“I promise. I’ll see if we can get some kind of message about them that you will believe… Now, won’t you have some dinner?” She had become so sensitive to him that she knew what he was doing without watching. He didn’t eat well; he crumbled bread and drank wine, and when he looked at her, he wasn’t seeing her at all. Restless that was how she had described him to the Brigadier. It was an under statement. She felt that for the first time since he defected to the West some kind of breaking-point was near. But which direction it took was her responsibility. If he turned sour, then his information would be suspect, and he himself an expensive mistake. Their relationship with the Soviet Union was already cool, because Colonel Ivan Sasanov had apparently vanished off the surface of the British Isles while on an official visit to the Foreign Office. Nobody was fooled, but it suited both sides to keep up the fiction that everyone was looking for him for the first few weeks. The British explanation that he must have killed himself, and that no doubt his corpse would be found in due time, saved his own government the political embarrassment of admitting they’d lost one of their top men. In the meantime, in exchange for the asylum he’d arranged when still in Moscow, Sasanov had given the department details of the Soviet Intelligence network operating in the Low Countries, and a list of sympathizers in NATO, some of whom were already being watched. Three months with his male interrogators had disclosed only what he was prepared to give them; it was accepted by the Brigadier that Sasanov was bargaining, and that the final deal had not been made. So Davina Graham, who didn’t play good chess, had spent the last five months shut up with him to draw from him scraps of information which could be assembled. The picture the experts put together could indicate much more than he meant to disclose at this stage. They drank coffee at the table. He asked for brandy; she had reached a level of intimacy with him when she could say, “Don’t drink too much. Let’s have a serious talk tonight. “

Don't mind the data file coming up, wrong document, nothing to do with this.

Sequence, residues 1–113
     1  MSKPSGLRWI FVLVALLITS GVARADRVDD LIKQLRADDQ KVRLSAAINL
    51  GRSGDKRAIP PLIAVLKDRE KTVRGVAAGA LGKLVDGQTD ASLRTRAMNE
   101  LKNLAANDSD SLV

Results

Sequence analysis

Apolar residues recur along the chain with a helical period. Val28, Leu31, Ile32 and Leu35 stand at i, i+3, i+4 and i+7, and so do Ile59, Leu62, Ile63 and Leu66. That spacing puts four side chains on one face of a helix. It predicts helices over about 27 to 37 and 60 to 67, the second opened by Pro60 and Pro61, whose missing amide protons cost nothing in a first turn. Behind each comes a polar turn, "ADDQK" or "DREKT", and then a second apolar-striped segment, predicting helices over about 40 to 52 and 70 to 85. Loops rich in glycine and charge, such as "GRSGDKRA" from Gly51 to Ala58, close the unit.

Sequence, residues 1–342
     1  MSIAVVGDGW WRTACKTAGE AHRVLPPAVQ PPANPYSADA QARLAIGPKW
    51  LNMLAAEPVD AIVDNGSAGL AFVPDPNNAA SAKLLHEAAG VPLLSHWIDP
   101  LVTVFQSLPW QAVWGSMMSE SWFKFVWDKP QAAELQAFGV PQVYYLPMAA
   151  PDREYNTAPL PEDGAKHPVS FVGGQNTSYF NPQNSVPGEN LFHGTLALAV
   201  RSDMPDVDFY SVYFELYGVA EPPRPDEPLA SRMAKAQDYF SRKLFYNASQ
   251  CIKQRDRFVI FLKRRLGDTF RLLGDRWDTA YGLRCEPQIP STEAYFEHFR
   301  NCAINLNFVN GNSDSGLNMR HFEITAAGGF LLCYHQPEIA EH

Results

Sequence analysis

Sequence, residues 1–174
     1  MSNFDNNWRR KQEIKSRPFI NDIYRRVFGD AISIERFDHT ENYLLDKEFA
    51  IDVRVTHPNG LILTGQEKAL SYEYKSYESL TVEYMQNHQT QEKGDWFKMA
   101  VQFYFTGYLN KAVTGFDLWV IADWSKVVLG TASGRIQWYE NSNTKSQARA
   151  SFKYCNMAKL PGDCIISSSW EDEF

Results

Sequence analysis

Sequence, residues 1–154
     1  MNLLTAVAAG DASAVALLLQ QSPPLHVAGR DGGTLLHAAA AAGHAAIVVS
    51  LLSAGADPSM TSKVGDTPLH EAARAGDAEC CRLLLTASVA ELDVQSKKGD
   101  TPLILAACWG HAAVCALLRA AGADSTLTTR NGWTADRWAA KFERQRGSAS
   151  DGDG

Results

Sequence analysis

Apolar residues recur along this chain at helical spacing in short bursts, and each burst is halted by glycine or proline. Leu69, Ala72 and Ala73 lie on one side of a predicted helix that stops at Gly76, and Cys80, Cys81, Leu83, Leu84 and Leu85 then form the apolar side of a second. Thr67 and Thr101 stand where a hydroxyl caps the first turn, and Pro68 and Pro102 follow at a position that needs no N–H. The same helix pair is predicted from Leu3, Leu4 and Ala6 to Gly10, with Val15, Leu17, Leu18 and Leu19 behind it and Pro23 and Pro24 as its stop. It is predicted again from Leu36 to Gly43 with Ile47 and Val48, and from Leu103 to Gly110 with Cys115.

BOOK: The Defector